Colleen Houck


“Chapped rats and bats' wings, brandied worms and adders' stings, Goat's wool and owl's hoot, fish's tongue and dog's foot. Into the potion, all you go, add clockwork hearts, positioned so…" The Lantern's Ember

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  • Movie Review: Into The Woods

    January 10, 2015


    Into The Woods

    I always give spoilers so consider yourself warned. =)

    Colleen’s Movie Review

    Romance: I liked the sweet relationship between the baker and his wife and seeing Rapunzel and her prince and Cinderella with Prince Charming (Chris Pine) was fun but the parts where they fall in love was missing from the film. In fact, all the fun bits like the ball or the prince climbing the tower and meeting Rapunzel weren’t shown.

     

    Special Effects: I loved the change from ugly to pretty when the witch broke the curse. Stared at her hair a lot after that and the costumes were really lovely. The giant was silly as was the damage she did. Loved the leaves changing into Cinderella’s gold dress.

    What I Liked: The costumes, the cast, the music, the creativity of tying the fairy tales together. The singing was fantastic.

    What I’d Change: The plot. The story was vague. If the point of the whole thing was “be careful what you wish for” then there needed to be a moral compass binding the whole thing together. Maybe the witch’s mother could have been a part of it and could have met each character giving them a little warning about the possible consequences should they choose unwisely. Then she could have been the one singing the great song at the end and it would have felt like at least someone in the film knew what they were doing. I ended up feeling frustrated with all the characters because of this.

    Killing the giantess right after they sang about how she had friends and/or needed friends, too, felt wrong, and being able to kill her with a pebble to the brain was silly and too much like David and Goliath.

    I don’t understand why, after the blame song, the witch killed herself. There was no purpose to her death. It seemed like someone decided that all the characters had to lose something to learn a lesson and thus random deaths and pain happened for no reason.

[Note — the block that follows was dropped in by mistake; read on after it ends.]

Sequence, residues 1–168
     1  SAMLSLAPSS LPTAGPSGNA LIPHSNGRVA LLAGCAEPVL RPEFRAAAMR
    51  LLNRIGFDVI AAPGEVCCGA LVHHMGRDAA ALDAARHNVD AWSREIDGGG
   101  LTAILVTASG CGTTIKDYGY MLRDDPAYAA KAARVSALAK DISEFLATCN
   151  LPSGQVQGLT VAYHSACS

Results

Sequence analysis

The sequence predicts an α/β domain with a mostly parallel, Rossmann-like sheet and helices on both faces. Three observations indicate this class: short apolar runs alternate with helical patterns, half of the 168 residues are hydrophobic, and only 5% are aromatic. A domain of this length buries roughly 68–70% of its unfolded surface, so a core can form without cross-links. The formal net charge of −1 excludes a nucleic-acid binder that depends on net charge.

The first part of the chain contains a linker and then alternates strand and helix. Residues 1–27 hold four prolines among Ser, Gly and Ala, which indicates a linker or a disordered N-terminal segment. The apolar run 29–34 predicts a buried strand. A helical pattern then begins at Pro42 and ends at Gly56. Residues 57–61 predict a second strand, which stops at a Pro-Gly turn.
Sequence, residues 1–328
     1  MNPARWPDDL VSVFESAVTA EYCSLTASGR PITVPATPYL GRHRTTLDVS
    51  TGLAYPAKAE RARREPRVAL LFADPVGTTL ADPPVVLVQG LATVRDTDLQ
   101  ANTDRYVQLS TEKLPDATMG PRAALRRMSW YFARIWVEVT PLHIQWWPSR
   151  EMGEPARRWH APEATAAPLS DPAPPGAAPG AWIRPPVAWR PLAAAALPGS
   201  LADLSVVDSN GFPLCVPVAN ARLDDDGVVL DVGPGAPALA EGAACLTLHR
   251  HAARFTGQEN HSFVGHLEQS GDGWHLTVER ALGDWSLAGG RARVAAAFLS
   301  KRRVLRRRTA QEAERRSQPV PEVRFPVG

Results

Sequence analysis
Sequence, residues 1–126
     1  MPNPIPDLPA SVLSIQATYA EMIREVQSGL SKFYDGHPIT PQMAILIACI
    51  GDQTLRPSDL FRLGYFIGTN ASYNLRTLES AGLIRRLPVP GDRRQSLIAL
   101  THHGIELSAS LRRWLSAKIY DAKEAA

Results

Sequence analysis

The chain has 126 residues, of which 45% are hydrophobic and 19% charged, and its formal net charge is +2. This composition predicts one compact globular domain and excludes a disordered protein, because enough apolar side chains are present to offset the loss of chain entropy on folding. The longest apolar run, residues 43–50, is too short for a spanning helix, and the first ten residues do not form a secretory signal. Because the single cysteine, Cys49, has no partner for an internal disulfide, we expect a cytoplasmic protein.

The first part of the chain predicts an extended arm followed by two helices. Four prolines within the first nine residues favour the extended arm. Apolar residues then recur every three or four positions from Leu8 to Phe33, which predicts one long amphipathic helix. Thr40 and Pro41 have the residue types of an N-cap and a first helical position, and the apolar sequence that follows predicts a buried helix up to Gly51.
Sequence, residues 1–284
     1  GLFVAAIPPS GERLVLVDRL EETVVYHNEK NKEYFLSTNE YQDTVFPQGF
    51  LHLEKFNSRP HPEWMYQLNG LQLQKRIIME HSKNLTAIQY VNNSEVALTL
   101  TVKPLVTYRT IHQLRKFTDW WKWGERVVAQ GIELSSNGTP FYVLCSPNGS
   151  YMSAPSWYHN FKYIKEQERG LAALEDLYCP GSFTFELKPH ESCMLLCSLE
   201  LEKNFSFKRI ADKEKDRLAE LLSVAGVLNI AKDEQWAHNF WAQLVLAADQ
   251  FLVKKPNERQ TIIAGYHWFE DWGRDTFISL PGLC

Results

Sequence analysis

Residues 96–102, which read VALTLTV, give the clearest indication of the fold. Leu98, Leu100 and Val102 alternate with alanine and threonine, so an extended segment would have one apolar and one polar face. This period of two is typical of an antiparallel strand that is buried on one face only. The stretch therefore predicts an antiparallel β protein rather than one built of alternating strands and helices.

The Tagline:

    I’m not sure if there is an official tagline but I supposed it would be, “Be Careful What You Wish For.”

    Hunky Hero: Chris Pine, Johnny Depp, Billy Magnussen, and James Cordon were all the heroes of the tale with Chris Pine being the obvious eye candy. The sad part was that I didn’t end up liking any of them. They were flawed jerks with the exception of James Cordon who was a sweet baker but less than hunky.

     

     

    The Villain: Meryl Streep did a great job though her endgame was confusing and pointless. Really liked Johnny Depp as the wolf but he didn’t get to do too much.

    Best Line: Cinderella’s Prince: I was raised to be charming, not sincere.

    This line fits the entire movie actually. Someone should have said the movie was raised to show off a winning musical score, not to make sense.

    Charm without sincerity is not charm in my opinion. It’s a con.

    Best Scene: Hands down it was when the two princes were singing about the agony of not getting their women and ripping their shirts open in a strutting prince contest trying to outdo/outwhine one another. Laughed. Out. Loud.

    Recommended for YA Fans: If you like music and staring at Chris Pine then yes.

    Compared to the Book: I wish I’d seen the play so I could compare it.


     

    Trailer:


    A Guy’s Perspective

    2014-02-01 22.54.02

    Bio: I’m Colleen’s husband, Brad. I’m the youngest of four kids. I’ve been Deaf since I was five so I watch every movie with caption glasses. I love sports and reading (I’ll admit I’ve read Twilight but prefer thrillers like Jack Reacher). My favorite ice cream is mint chocolate chip. I’ll never turn down a taco. I write poetry. My man credentials include: a high school career in wrestling, watching sports every time my wife is too busy to notice, a receding hairline, two repaired ACL’s, and a stockpile of Axe body wash.

    Review: 

    Into the Woods

    Knowing this was a fairy tale musical with some serious star power, I hoped to be blown away but I emerged from the theater feeling somewhat dissatisfied. The movie began well as various fairy tale characters–the Baker and his wife, Cinderella, Jack, and Red Riding Hood–expressed their wishes and longings. An ugly witch (Meryl Streep) informs the Baker (James Corden) and his wife (Emily Blunt) that their childlessness is a result of a curse she placed on the baker’s father many years ago for stealing food from her garden. In order to break the curse, the couple agrees to supply the witch the elements she requires. A thick and dark woods is the common denominator that eventually brings all the fairy tale characters and the elements together, but not without tragedy and sacrifice.